If This VC Sold His Company Today, He'd Do These Things Differently

He did well, but could have done better.
If This VC Sold His Company Today, He'd Do These Things Differently
Image credit: Getty Images/Lee Woodgate
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This story appears in the December 2016 issue of Entrepreneur. Subscribe »

Five years ago, I sold my startup and started working in venture capital. And while that sale made me very happy, it didn’t make me all that wealthy -- especially not compared with the deals I see now, where big funding rounds and lucrative exits carry the day. So sometimes I wonder: What would I have done differently in my company if I could go back five years? Now that I’m working in VC, what bits of wisdom do I have now that I wish I had then?

Related: Know When and How to Sell Your Business

Here’s the first insight: Define “success” very early. Is it money? Changing the world? What do you want -- and what, realistically, do you think is possible? I had built a company that sold gift cards over the internet; it was a fine idea, but not a world-changing one. It was never going to be the next Facebook. When I finally realized the limits of my company, the truth was hard to swallow. But it didn’t need to be! I wish I had taken the time, at the very beginning, to put my actions in context. I had found a smart new way to sell an old product, and it was going to make me a few bucks. There’s nothing wrong with that -- unless you’re not willing to accept it.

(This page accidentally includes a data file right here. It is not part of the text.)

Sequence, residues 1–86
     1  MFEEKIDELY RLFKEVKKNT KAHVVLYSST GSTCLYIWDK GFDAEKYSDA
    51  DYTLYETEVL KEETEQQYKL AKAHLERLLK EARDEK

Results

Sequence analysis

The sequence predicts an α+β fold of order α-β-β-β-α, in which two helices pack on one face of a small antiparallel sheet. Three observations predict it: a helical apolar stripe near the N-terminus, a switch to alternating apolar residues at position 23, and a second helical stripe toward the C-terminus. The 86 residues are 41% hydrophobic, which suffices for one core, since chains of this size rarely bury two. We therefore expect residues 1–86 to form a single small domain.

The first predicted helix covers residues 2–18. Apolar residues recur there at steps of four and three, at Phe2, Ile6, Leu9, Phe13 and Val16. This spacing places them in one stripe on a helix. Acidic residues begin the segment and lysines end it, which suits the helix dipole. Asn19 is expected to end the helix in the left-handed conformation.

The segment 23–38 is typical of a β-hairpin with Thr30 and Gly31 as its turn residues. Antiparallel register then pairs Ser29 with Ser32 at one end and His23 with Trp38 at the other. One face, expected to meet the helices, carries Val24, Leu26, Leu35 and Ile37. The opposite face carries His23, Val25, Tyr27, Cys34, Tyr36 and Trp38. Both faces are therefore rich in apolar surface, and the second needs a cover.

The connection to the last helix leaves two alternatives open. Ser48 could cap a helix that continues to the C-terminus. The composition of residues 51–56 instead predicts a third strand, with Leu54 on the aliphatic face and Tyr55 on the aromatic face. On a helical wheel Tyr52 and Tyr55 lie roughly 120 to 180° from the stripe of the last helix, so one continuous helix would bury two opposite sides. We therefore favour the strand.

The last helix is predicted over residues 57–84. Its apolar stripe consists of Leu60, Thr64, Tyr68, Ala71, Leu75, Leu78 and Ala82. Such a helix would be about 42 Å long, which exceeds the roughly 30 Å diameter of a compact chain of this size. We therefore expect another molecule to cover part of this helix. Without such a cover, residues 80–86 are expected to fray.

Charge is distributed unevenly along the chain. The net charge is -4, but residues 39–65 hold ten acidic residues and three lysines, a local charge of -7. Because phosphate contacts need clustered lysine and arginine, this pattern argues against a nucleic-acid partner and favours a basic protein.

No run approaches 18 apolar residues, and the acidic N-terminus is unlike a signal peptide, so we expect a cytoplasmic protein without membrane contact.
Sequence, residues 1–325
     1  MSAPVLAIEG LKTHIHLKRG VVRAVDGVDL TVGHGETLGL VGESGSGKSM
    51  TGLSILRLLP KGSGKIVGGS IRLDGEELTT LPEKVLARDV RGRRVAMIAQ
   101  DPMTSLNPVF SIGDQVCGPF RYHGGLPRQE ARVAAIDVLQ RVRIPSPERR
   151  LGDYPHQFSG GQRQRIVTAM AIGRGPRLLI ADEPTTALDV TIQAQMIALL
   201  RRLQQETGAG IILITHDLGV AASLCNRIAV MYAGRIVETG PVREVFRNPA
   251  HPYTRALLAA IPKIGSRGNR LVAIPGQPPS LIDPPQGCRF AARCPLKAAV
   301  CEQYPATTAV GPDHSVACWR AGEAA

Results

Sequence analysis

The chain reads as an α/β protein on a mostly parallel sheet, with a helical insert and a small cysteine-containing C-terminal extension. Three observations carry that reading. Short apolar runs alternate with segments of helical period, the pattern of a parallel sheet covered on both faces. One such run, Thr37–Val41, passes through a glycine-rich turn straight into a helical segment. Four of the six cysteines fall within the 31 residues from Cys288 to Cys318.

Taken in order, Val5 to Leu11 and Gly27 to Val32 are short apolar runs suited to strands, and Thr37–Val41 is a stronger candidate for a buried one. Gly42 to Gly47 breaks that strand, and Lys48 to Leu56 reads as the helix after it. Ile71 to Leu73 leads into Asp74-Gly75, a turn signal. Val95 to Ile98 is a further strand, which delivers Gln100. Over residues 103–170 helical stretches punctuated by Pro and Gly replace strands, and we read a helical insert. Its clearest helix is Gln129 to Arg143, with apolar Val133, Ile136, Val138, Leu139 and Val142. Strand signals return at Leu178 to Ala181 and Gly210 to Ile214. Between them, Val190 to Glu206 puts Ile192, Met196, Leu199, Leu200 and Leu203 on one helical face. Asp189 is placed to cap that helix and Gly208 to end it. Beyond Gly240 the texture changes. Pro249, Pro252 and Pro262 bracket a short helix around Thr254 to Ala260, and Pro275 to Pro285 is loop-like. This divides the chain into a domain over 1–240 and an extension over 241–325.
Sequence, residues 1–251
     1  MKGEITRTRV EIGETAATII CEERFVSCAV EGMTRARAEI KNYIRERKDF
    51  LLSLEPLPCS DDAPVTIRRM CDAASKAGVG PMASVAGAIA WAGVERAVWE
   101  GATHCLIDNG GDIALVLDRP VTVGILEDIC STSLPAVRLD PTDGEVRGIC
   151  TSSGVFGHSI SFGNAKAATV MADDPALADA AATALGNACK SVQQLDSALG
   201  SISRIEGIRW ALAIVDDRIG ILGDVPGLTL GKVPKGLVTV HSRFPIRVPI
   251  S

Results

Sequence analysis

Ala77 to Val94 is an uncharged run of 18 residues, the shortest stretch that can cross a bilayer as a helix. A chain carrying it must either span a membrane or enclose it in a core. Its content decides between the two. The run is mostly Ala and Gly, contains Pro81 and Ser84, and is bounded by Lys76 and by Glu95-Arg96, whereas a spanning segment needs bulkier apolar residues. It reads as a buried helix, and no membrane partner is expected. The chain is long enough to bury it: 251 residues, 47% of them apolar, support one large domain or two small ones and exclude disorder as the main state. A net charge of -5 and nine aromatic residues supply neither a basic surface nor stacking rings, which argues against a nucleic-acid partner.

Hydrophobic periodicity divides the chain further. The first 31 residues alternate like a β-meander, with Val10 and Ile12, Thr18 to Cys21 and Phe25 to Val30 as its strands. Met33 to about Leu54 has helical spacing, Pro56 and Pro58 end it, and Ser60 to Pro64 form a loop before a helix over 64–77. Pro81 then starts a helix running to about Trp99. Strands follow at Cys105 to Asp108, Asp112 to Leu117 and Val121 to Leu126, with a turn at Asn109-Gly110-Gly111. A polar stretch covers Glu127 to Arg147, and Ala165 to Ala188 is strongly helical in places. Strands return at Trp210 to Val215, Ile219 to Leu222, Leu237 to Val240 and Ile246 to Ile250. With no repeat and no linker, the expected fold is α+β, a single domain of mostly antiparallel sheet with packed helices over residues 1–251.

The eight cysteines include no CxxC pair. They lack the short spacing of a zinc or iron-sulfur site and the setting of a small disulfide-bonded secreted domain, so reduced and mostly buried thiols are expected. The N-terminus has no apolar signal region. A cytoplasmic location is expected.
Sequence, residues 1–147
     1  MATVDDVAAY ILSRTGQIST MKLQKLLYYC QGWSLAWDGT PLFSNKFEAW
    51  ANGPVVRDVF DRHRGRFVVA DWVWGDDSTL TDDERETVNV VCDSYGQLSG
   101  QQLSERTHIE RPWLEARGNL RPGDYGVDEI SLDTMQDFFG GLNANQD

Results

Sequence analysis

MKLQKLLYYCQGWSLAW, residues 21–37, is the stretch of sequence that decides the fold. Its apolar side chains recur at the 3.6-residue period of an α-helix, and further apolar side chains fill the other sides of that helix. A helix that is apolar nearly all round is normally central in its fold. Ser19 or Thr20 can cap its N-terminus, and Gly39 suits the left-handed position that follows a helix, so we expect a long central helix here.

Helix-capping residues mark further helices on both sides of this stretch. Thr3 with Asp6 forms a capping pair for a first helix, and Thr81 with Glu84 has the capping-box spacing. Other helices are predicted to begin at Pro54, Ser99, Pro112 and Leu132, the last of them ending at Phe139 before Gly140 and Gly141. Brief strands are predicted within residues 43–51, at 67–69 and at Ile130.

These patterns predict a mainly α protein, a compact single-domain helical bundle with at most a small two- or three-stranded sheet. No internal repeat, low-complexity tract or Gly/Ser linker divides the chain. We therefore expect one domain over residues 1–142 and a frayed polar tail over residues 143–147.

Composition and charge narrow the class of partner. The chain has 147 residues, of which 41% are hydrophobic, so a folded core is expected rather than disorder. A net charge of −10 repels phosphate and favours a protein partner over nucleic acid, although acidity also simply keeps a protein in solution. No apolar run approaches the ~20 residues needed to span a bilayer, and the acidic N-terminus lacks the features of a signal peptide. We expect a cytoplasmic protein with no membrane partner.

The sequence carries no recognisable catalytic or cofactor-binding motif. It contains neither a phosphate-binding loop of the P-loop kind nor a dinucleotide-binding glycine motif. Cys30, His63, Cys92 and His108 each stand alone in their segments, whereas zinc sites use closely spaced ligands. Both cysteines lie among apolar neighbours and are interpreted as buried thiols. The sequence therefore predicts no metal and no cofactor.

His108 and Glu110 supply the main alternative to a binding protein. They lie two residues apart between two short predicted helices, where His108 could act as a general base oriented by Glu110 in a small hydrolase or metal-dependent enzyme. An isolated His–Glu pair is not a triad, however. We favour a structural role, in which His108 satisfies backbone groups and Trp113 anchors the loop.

So let’s say that, five years ago, I had defined my success. What should I have done next? This: Figure out what it would realistically take to get there. Again, I did this all wrong: Because I never defined success, I also never bothered to go out and beat my drum to find the appropriate financing to realize that success. It was a decision made out of fear; I didn’t want to be held accountable by anyone else. But without outside money, I couldn’t grow as big as I wanted. When an entrepreneur sets a goal, they need to be realistic: How much money will it take, and what percentage of your company and control are you willing to relinquish?

Related: 25 Tips for Having Meaningful Relationships

And here’s my final piece of advice to my younger self: Keep everything in perspective. Some people are consumed by their companies; they are their work, and nothing else. For them, I suppose, nothing else matters. But for everyone else (including me), that separation should matter. There were times while running my company that I realized the business was actually running me. I’d make compromises that would affect my happiness, or the happiness of people around me. I’d forget that these people -- and my relationships with them -- would be around long after the business closed. More than anything, the past five years as a VC have taught me the value of relationships: The ones I formed as a startup founder were important. Take care of the people you work with, and they’ll take care of you whether you succeed or fail.

I did OK. I certainly could have done better. But you, knowing all this, can now go out and do great. 

Edition: March 2017

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